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Thread: More Details On The OpenGL Situation In KDE's KWin

  1. #171
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    Quote Originally Posted by marek View Post
    Or distribution makers may start buying patents.
    Buying patents and writing Mesa code are two different things though. Could you clarify a bit how distros buying patents would allow Mesa devs to implement GL3?

  2. #172
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    Quote Originally Posted by RealNC View Post
    Could you clarify a bit how distros buying patents would allow Mesa devs to implement GL3?
    The could pretty much free the patented things so Mesa devs could implement them without anyone having to worry about getting sued.

  3. #173
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    Are the patent licenses even available for open source distribution? I could easily see the owners only licensing in the scenario where someone can't just freely copy the Mesa from Red Hat onto their own distro and run it. Regardless, that's going to take a ton of money because these licenses are not cheap.

    I think the most likely scenario for access before the patents expire (starting 2018 i think?) is to do something like the fontconfig guys did. Create plugins, commented out code, etc., which individual users can activate at their own risk. I don't think the main VMWare/AMD/Intel developers are very interested in doing this, so it might have to come from the community.

  4. #174
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    Quote Originally Posted by smitty3268 View Post
    Are the patent licenses even available for open source distribution? I could easily see the owners only licensing in the scenario where someone can't just freely copy the Mesa from Red Hat onto their own distro and run it. Regardless, that's going to take a ton of money because these licenses are not cheap..
    You completely misunderstood. FSF/distros/whatever instance would need to buy the whole patents and then give Mesa a license.

  5. #175
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    This patent situation only covers S3 Texture Compression, right? This is a well known problem, and most open source games continue to work if it isn't available.

  6. #176
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    Quote Originally Posted by nanonyme View Post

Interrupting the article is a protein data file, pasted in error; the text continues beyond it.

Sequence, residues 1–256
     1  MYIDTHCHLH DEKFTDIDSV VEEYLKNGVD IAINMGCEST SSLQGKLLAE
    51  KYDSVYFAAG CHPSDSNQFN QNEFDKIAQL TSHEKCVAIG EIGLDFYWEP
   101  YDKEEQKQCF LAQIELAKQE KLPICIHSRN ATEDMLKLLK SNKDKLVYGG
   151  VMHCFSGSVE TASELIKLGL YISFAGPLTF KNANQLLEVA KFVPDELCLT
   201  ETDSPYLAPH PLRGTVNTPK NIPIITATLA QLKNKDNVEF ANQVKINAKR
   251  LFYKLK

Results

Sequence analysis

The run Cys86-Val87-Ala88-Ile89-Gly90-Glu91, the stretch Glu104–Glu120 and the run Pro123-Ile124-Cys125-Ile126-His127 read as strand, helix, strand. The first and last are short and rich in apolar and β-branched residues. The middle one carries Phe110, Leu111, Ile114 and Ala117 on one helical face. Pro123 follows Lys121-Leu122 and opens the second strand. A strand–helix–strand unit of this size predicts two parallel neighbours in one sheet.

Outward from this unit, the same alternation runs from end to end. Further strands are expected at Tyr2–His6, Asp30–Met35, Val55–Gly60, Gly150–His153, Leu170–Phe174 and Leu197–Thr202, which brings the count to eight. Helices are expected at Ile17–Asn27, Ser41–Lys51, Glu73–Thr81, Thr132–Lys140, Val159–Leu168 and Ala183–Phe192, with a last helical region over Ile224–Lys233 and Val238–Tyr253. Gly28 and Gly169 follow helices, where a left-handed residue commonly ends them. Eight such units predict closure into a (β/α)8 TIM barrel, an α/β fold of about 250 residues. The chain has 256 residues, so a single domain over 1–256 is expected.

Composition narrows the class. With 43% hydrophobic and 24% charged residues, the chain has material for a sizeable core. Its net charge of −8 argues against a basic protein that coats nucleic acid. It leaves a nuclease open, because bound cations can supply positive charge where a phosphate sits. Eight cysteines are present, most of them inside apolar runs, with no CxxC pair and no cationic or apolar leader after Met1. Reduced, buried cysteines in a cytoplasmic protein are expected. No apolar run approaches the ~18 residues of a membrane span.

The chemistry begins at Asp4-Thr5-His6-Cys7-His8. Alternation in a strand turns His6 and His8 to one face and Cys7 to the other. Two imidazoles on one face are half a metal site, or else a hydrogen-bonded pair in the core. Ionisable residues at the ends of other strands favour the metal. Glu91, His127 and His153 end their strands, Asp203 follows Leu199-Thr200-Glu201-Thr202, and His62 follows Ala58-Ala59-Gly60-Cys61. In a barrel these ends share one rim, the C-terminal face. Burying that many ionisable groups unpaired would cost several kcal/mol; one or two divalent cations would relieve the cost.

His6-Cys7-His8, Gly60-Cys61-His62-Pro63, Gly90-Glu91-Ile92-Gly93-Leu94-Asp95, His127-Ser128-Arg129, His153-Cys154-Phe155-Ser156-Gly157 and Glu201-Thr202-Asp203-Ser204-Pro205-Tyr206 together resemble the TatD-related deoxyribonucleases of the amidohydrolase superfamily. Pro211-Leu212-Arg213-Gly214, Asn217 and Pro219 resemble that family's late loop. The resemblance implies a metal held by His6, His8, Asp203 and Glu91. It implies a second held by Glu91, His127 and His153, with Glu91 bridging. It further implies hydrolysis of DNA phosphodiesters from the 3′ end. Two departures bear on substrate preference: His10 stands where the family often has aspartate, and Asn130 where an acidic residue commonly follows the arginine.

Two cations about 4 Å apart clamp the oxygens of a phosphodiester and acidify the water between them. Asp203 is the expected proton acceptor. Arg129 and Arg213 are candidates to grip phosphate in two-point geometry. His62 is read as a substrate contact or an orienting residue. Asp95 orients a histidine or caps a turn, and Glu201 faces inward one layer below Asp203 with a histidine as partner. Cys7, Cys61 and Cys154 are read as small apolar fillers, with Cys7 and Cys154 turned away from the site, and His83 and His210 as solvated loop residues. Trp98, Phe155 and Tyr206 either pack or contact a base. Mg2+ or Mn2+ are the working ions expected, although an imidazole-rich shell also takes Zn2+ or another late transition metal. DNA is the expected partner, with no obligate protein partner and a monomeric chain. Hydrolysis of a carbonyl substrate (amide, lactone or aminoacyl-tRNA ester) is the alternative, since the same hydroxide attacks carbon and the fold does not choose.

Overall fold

You completely misunderstood. FSF/distros/whatever instance would need to buy the whole patents and then give Mesa a license.
    And that's exactly what i'm not sure they would be allowed to do, since there are an infinite number of possible copies of mesa. As opposed to just licensing it for something that's centrally controlled.

  7. #177
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    Quote Originally Posted by Remco View Post
    This patent situation only covers S3 Texture Compression, right? This is a well known problem, and most open source games continue to work if it isn't available.
    No, it's more than just that. Open source games can work around the problem, but the stuff covered is too useful not to be used by commercial engines. Unigine requires it, for example.

  8. #178
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    Quote Originally Posted by smitty3268 View Post
    And that's exactly what i'm not sure they would be allowed to do, since there are an infinite number of possible copies of mesa. As opposed to just licensing it for something that's centrally controlled.
    DOH! I just read your post again and you were talking about buying the entire patent rather than just licensing it. That would indeed make everything possible - although i can't even imagine how much money it would cost. Those patents are a money making machine since they've got ATI/NVidia over a barrel.

  9. #179
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    Quote Originally Posted by smitty3268 View Post
    DOH! I just read your post again and you were talking about buying the entire patent rather than just licensing it. That would indeed make everything possible - although i can't even imagine how much money it would cost. Those patents are a money making machine since they've got ATI/NVidia over a barrel.
    Thanks for the lack of an edit button, phoronix. /sarcasm off

  10. #180
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    Quote Originally Posted by Remco View Post
    This patent situation only covers S3 Texture Compression, right? This is a well known problem, and most open source games continue to work if it isn't available.
    One of the others I heard is that floating point textures are also patented. It's impossible to implement OpenGL 3.0 without them.

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